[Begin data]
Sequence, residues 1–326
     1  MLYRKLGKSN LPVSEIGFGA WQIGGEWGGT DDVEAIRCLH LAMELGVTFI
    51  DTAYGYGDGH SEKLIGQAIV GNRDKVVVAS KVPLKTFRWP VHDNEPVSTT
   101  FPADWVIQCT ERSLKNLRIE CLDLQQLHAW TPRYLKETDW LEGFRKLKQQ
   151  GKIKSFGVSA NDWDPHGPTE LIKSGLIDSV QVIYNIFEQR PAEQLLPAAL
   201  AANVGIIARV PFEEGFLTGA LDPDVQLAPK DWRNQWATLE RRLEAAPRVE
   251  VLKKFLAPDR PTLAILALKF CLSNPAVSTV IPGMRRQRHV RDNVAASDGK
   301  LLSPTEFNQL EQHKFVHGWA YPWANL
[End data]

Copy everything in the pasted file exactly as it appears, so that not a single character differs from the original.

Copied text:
Sequence, residues 1–326
     1  MLYRKLGKSN LPVSEIGFGA WQIGGEWGGT DDVEAIRCLH LAMELGVTFI
    51  DTAYGYGDGH SEKLIGQAIV GNRDKVVVAS KVPLKTFRWP VHDNEPVSTT
   101  FPADWVIQCT ERSLKNLRIE CLDLQQLHAW TPRYLKETDW LEGFRKLKQQ
   151  GKIKSFGVSA NDWDPHGPTE LIKSGLIDSV QVIYNIFEQR PAEQLLPAAL
   201  AANVGIIARV PFEEGFLTGA LDPDVQLAPK DWRNQWATLE RRLEAAPRVE
   251  VLKKFLAPDR PTLAILALKF CLSNPAVSTV IPGMRRQRHV RDNVAASDGK
   301  LLSPTEFNQL EQHKFVHGWA YPWANL